Marta Sforni, N.O.W.


Preview 14 November 2013, 6:30 pm
15 November – 21 December 2013

The Galleria Riccardo Crespi presents N.O.W., a solo exhibition by the artist Marta Sforni comprising her recent production, from monotypes to a selection of oils on canvas.

Marta Sforni’s work takes its cure from the history of decoration and finds concrete expression in forms that break up, becoming fragmentary and abstract: an intimist and psychological space, symbol of the decadence of our time.

In her works the artist constructs broad allegories in which reflection on the notion of beauty is mixed with an almost contemplative repetition and – as an Italian who has moved to Berlin – shows the distance she has had to move from her background in order to reappraise her own cultural heritage.

Each element in Marta Sforni’s works is a fragment. A constellation of objects that once formed part of an ideal aesthetic system which it is now impossible to rediscover, except through an investigation of the fragments themselves. In this way each object becomes a segment of a more complex discourse, a starting point for an examination of the present moment in history and a reflection on ornamentation.

In Marta Sforni’s work the decorative element becomes symbolic and the theme of the mirror and the notion of time recur in a never-ending search that rummages through the history of art from Leon Battista Alberti to Titian, from Klimt to Matisse and Morandi, and then all the way to Frank Stella and Philip Taaffe.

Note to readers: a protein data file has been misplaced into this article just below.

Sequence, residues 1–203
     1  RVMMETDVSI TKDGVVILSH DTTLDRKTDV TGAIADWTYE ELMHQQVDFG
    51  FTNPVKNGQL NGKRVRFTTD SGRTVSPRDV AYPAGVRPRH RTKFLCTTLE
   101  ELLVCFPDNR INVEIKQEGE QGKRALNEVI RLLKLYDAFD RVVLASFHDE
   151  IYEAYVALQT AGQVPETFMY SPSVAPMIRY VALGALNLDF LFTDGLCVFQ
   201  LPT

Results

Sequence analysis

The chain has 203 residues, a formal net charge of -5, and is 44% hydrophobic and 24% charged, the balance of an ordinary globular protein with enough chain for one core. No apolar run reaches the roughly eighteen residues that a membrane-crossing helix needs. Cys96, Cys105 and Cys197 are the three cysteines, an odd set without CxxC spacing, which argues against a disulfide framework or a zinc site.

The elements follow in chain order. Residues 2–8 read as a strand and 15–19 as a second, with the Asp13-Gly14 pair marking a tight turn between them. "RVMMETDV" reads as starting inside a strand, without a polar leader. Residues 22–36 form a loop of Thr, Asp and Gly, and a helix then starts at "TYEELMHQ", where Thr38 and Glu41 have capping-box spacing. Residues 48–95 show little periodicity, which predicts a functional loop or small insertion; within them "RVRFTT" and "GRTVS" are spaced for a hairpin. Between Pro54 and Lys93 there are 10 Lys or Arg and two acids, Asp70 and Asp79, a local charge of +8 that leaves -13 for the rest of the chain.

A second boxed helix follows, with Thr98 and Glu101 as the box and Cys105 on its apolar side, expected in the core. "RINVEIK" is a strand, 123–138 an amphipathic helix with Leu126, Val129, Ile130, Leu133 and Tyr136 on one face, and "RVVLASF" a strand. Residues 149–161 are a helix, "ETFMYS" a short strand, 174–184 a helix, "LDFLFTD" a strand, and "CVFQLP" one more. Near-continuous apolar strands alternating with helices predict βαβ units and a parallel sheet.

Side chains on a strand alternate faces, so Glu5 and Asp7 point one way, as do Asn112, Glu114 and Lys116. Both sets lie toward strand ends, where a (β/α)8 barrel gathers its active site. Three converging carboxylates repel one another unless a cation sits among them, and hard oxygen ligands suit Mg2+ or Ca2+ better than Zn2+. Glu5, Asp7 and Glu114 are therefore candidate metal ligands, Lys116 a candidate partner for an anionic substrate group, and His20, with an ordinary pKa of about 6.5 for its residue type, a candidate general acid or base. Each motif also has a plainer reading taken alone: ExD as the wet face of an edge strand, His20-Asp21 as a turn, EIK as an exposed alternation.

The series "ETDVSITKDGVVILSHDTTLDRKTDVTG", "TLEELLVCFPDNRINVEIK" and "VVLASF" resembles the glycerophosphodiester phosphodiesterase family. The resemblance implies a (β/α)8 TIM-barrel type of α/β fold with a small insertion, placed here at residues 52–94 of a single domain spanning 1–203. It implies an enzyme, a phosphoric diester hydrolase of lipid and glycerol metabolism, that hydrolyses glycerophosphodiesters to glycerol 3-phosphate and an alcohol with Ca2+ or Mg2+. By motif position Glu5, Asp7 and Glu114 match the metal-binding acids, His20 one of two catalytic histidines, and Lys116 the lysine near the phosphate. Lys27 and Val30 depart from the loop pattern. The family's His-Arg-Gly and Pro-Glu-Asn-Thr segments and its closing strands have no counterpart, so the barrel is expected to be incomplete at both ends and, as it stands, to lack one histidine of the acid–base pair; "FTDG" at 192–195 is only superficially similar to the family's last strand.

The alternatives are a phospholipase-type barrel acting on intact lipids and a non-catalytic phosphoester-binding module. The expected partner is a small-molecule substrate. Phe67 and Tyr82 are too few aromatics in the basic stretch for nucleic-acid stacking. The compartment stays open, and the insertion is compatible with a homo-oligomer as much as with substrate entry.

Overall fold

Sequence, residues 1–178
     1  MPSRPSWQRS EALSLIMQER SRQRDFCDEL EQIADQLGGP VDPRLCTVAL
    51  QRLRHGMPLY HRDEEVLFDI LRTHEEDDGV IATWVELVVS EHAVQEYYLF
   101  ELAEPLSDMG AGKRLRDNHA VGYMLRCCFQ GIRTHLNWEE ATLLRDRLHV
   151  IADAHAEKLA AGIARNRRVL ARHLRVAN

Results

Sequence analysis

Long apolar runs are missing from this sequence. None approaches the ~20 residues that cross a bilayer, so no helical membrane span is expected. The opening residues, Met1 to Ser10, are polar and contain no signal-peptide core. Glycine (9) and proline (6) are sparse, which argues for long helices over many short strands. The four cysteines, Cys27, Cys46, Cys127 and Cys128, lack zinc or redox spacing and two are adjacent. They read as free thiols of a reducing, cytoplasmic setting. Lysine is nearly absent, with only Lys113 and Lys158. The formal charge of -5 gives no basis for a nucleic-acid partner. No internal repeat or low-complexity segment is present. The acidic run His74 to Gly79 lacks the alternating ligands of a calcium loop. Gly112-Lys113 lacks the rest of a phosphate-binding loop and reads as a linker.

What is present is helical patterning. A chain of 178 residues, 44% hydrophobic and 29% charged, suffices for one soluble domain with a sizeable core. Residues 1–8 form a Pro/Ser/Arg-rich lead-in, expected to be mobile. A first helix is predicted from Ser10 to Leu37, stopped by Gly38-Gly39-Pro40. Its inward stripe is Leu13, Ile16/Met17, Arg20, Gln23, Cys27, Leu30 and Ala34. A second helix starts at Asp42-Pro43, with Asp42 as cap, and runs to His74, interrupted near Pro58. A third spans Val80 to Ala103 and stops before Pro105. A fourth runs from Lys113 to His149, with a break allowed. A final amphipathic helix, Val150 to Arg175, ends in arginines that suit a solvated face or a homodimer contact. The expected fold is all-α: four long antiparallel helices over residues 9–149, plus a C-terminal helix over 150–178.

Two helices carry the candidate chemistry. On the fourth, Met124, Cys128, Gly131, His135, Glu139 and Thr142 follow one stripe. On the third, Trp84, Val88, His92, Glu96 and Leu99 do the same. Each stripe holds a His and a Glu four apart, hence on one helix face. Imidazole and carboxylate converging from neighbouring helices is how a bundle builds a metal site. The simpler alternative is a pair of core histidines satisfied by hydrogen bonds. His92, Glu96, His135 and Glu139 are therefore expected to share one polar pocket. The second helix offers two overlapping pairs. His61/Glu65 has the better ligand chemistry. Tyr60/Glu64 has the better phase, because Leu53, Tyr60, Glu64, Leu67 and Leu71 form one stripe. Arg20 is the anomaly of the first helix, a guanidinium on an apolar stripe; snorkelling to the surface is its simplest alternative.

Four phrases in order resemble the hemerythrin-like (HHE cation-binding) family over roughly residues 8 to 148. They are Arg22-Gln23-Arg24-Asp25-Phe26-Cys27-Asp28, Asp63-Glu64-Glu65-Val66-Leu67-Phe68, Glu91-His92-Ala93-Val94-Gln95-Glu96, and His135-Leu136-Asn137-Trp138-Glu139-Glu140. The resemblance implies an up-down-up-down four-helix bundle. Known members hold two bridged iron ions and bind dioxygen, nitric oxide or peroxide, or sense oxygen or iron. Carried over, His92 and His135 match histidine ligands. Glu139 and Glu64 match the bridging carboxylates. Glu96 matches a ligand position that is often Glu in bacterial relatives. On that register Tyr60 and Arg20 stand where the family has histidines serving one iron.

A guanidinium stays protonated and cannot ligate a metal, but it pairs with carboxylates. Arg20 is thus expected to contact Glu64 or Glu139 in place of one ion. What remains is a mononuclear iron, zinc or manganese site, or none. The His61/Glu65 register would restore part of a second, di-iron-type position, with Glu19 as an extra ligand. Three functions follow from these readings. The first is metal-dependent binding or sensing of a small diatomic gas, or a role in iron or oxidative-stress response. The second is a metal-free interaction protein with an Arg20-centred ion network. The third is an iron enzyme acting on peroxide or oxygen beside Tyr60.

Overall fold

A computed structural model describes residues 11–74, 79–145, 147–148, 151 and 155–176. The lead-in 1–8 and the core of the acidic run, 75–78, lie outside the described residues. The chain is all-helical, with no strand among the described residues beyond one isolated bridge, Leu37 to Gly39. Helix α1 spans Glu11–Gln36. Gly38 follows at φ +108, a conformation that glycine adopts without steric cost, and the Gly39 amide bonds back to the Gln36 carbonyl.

On display on the lower floor of the gallery is a collection of works on canvas of various dimensions, whose subjects – chandeliers, glassware, fabrics – have been specially chosen by the artist to bring into focus the concept of glazing and underline the importance of an ideal of transparency: according to Marta Sforni, in fact, the use of glaze makes it possible to reinvent the role of the patina removed and to think of time as if it were a symbolic shadow.

The exhibition is completed by a series of monotypes, printed with a hundred-year-old German press on Hahnemühle paper, a genuine exercise with darkness.